“Stocks of some pyrites deposits formed in oceans and buried in the depths of continents are quite comparable. At 32 pyrites deposits which were formed in the interval from archaea (2 bln years) till present days we discovered relicts of hydrothermal funnels of ‘black smokers’. We initially found ‘black smokers’ in the Urals, and then in other regions, for example, in Rudniy Altai (Kazakhstan, Russian Federation), the Pontides (Turkey), the Honshu island (in Japan), the Appalachians (Canada). And it turned out that nowadays the Urals possess the best ‘collection’ in the world! While rare collections of the USA, Turkey and Japan have one-two funnels of paleosmokers, our collection is represented by more than a thousand fragments of ‘funnel fumes’. Each fragment of a funnel, which was formed under high-gradient conditions at temperatures varying from 400 to 2°С, bears the most complete, compared to other types of ores, information about conditions of the deposit formation in general. Using these unique natural records, we learn a lot about specific deposit and pay special attention to deposits whose development is only planned in the future. Thanks to the complex study of hydrothermal funnels we proved that there is a dependency of the composition of minerals, concentrations and a specter of chemical elements of pyrites deposits of ancient and modern oceans on composition of the host rock, geotectonic position and volcanicity modes. This allowed, for example, explaining ore-facial and mineral and geochemical variety of deposits of the pyrites family. Thanks to the new genetic classification, we can forecast specificities of a deposit’s mineral and chemical composition, make predictions about technological value and potential toxicity of ores, and, correspondingly, assess economic and geo-ecologic risks of development and processing of raw material, even before the beginning of the deposit extraction.”
It is exactly here in the Urals that Valeriy Maslennikov and his colleagues made the discovery which was officially acknowledged by scientific community only 20 years later: the most ancient pre-hydrothermal mineralized fauna, which is assumed to belong to the chemosynthesis world, was discovered in ores of pyrites deposits.
“Unlike our sunny world, the world of chemosynthesis is locally flourishing in complete darkness at great depths in modern oceans. Pre-hydrothermal macro-fauna, represented by various tube worms and mollusks, uses chemical energy from oxidation of hydrogen sulphide, methane and hydrogen for synthesizing organic compounds. All this happens at active participation of bacteria which, just like macro-fauna, serve as a food for underwater carnivorous fish and crabs. Despite the toxicity of the medium in zones of hydrothermal ore formations, life had been and still is actively evolving, probably being analogous to the pristine life. Naturally, a question arises: ‘Are we all the modern children of photosynthesis or descendants of the world of chemosynthesis?’ Because the most ancient hydrothermal oases we discovered here, in the Urals, in the early Paleozoic. No one yet found somethingmore ancient. Though such discoveries are possible and expected by us. The result of the last two decades is 6 new types of mineralized pre-hydrothermal fauna discovered by us in ores of the Urals. Pre-hydrothermal fauna is not seen in all modern and ancient pyrites bodies. We determined that the reason for this are differences in concentrations of highly toxic elements such as Tl, Hg, Cd, As and Sb which are delivered into growing and simultaneously oxidizing sulphides. On the contrary, where Se, Co, Ni and Te are concentrated in sulphides, biological productivity of pyritiferous systems is much higher. This is how mineral and geochemical criteria of forecasting paleohydrothermal oases, providing foundation for revealing new biogeography regular patterns, came into existence.”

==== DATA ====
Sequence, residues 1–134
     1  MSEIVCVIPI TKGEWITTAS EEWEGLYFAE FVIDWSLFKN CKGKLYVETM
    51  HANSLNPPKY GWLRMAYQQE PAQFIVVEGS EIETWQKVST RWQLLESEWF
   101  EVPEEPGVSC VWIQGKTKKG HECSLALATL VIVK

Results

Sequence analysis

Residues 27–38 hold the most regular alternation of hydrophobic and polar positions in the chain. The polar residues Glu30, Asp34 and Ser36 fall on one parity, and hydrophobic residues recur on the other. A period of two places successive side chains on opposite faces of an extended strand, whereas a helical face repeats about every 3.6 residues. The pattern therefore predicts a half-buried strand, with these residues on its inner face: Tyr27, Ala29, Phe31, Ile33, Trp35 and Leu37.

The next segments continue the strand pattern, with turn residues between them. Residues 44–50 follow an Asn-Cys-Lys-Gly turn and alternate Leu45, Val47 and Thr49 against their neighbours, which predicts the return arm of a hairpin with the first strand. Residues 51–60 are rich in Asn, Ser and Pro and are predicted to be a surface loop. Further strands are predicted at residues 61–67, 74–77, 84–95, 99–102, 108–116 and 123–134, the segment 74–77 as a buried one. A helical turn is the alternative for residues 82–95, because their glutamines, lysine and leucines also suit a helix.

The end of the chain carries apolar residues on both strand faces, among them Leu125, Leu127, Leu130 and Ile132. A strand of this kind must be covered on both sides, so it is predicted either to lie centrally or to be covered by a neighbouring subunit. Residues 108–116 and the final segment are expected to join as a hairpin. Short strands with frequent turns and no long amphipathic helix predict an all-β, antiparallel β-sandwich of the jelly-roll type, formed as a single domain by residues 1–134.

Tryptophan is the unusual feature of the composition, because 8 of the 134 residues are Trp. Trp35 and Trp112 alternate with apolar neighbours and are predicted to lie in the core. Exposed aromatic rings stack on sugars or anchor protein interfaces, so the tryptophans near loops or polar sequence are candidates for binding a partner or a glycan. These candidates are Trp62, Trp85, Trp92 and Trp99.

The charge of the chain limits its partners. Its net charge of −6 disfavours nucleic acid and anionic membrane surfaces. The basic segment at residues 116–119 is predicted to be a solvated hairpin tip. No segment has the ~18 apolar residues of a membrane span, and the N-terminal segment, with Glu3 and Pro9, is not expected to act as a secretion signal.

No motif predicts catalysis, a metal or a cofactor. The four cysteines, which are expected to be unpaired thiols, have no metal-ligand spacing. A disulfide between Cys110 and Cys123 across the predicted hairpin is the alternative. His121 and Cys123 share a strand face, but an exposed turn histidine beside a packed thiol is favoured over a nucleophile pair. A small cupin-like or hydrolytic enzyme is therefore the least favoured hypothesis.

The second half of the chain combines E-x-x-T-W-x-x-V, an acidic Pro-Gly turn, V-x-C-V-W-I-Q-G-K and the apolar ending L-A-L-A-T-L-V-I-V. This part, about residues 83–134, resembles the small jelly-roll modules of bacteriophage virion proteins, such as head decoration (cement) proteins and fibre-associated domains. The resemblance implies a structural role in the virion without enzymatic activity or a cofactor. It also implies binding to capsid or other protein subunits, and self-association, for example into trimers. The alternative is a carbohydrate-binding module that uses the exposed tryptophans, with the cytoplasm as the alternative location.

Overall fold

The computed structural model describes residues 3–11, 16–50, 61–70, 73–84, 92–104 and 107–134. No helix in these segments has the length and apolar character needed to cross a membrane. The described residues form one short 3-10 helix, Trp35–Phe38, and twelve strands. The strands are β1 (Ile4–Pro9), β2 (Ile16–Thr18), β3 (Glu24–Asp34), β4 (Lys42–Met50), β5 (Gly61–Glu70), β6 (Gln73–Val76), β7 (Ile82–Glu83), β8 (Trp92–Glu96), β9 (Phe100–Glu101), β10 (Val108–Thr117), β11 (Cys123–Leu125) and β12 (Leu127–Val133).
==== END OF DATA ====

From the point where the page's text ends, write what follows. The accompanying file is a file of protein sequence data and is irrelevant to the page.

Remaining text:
The accomplished work would be impossible without a symbiosis of science and education, thinks Valeriy Vladimirovich. SUSU and the Institute of Mineralogy of the Ural branch of the RAS have been long and closely cooperating in the field of studying different mineral deposits. Under supervision of the corresponding member of the RAS, senior research scientist of the Institute of Mineralogy of the Ural branch of the RAS, professor of the SUSU Mineralogy Department, a joint “Laboratory of Quartz Raw Material Technology” with modern high-tech equipment has been created. Its purpose is to obtain spectroscopic indicators of high-tech quartz raw material for space industry. Thanks to using the mass-spectrometer with inductively coupled plasma and laser ablation which is situated in the Institute of Mineralogy of the Ural branch of the RAS, lecturers, postgraduates and students of the SUSU Geological Faculty under supervision of V.V. Maslennikov successfully develop the area of “High-tech microelements in minerals” for rational and complex use of natural resources.
“We conduct our research not only in the Urals, but also in the Ilmen Nature reserve. We have global ambitions and a lot of projects on different continents and in the oceans. We try to contribute to fundamental science, and at the same time follow its applied edge remembering about profit for the national economy.”
Science is and will always be useful, considers professor Maslennikov. It is only necessary to constantly deepen your knowledge, get new experience and think ahead.